By Magnificent Montague
Montague! My name is Thomas Smith and I go to Jefferson High! Burn, baby! BURN!"
That's what the kids of the Negro area, as South Central was known, would call up and say in 1965 on KGFJ, the black-oriented radio station where I worked. It was what I'd shouted in New York and Chicago in '63 and '64 — what I'd shout any time a piece of soul music — Ray Charles, Wilson Pickett, Sam Cooke, Stevie Wonder — captured my enthusiasm. A compliment.
And then, on a Wednesday, Aug. 11, Watts exploded in violence after a questionable police stop, and I found myself being asked — no, ordered — to stop yelling my slogan.
First, the station manager told me to stop. I told him no. I was furious. The slogan, this delightful thing, belonged to my listeners. It was theirs! A part of them. How was I going to take that away from them? Then the mayor, Sam Yorty, calls up. "You know," he says in his Midwestern twang, "there's a riot going on and you're very popular among the Negroes. And we'd like to ask you if you can stop using that term, because it tends to incite them."
"I beg your pardon," I said. "What incites them is their problems over there. What incites them is what you white people have been doing….Don't waste your time on me."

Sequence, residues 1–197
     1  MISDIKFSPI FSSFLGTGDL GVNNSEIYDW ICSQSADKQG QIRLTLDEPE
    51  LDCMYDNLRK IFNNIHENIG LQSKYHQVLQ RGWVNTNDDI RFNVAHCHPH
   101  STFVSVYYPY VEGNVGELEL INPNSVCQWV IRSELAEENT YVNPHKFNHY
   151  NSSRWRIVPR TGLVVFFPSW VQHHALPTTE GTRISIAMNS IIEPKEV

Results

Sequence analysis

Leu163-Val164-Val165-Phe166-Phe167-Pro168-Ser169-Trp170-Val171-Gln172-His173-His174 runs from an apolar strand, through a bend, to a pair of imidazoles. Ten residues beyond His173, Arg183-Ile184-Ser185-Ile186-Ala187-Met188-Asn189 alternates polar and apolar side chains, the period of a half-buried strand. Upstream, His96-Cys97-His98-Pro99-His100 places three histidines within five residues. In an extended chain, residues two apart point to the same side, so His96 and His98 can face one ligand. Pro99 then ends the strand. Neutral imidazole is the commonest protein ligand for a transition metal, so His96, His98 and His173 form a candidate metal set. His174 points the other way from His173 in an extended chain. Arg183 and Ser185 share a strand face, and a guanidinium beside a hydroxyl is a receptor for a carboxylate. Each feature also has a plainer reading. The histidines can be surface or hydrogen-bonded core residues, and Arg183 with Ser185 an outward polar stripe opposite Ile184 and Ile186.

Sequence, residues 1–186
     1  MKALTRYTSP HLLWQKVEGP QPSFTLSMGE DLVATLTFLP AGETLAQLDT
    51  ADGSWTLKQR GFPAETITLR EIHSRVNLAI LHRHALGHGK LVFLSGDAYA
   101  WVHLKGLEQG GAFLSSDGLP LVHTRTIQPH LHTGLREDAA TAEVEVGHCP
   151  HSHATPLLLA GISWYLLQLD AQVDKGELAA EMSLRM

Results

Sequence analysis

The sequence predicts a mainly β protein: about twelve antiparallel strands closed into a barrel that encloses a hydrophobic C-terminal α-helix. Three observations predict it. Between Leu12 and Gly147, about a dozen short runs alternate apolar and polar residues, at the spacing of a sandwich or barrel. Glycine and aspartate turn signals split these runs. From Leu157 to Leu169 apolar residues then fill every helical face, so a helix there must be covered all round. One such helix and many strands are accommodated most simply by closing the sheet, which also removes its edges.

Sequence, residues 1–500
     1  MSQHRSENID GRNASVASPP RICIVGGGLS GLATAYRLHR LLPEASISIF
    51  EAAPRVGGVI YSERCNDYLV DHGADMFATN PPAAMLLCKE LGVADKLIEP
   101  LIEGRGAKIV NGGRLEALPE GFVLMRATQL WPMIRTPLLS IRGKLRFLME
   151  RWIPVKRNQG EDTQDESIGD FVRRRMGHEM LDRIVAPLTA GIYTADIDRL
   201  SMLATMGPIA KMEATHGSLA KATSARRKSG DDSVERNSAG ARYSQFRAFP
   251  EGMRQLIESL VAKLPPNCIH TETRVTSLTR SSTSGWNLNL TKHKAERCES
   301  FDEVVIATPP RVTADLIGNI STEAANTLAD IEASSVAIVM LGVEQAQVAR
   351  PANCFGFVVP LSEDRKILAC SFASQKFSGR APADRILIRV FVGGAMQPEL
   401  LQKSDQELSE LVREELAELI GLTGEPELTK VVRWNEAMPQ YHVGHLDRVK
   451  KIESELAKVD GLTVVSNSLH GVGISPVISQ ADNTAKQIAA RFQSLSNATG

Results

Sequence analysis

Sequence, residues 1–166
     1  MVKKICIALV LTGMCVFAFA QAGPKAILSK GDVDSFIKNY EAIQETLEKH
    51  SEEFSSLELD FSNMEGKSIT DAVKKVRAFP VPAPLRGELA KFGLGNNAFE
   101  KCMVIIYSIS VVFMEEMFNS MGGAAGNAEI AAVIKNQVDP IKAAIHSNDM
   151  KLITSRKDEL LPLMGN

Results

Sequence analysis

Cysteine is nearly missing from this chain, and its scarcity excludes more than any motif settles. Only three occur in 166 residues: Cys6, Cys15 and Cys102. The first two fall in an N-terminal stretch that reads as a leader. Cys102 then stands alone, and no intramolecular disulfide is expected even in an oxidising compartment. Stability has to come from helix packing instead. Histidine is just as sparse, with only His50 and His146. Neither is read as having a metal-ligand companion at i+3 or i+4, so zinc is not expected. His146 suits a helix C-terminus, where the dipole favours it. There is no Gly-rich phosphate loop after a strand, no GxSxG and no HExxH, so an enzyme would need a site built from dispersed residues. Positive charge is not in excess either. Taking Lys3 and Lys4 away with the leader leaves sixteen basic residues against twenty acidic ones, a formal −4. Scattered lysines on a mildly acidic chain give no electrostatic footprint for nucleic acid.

That Friday night was the worst of the rioting, the night when it seemed like it would go on forever. I could not sleep when I got home in Brentwood. The television set was making it look like this was unprecedented, that it happened out of nowhere, that it made no sense, that the Negroes were crazy, mindless savages.
Unbeknownst to my listeners, I had been collecting black historical memorabilia — thousands of pieces — since 1956, and I knew something that TV would never tell: Race riots went as far back in this country as black folks themselves.
As far back as 1663, when the Negro slaves rebelled in Gloucester, Va. And in 1712, when a slave revolt in New York killed nine whites and resulted in the execution of 21 slaves. And in the British colony of New York in 1741, when white hysteria broke out over fears that slaves might betray Britain in its war against Spain.
Back to 1906, when Negro soldiers raided Brownsville, Texas, in protest against racial insults. And in East St. Louis. And Houston. All the way up to what had happened the previous summer after I left the air in New York: riots in Harlem, Rochester — even my hometown of Elizabeth, N.J. I was supposed to go back to work Monday; what was I going to say about this?
UPDATE [07-Feb|02:51] :: added asteroids #535-MONTAGUE, #2708-BURNS, #2955-NEWBURN, #3127-BAGRATION & #5405-NEVERLAND to Hopper Asteroids.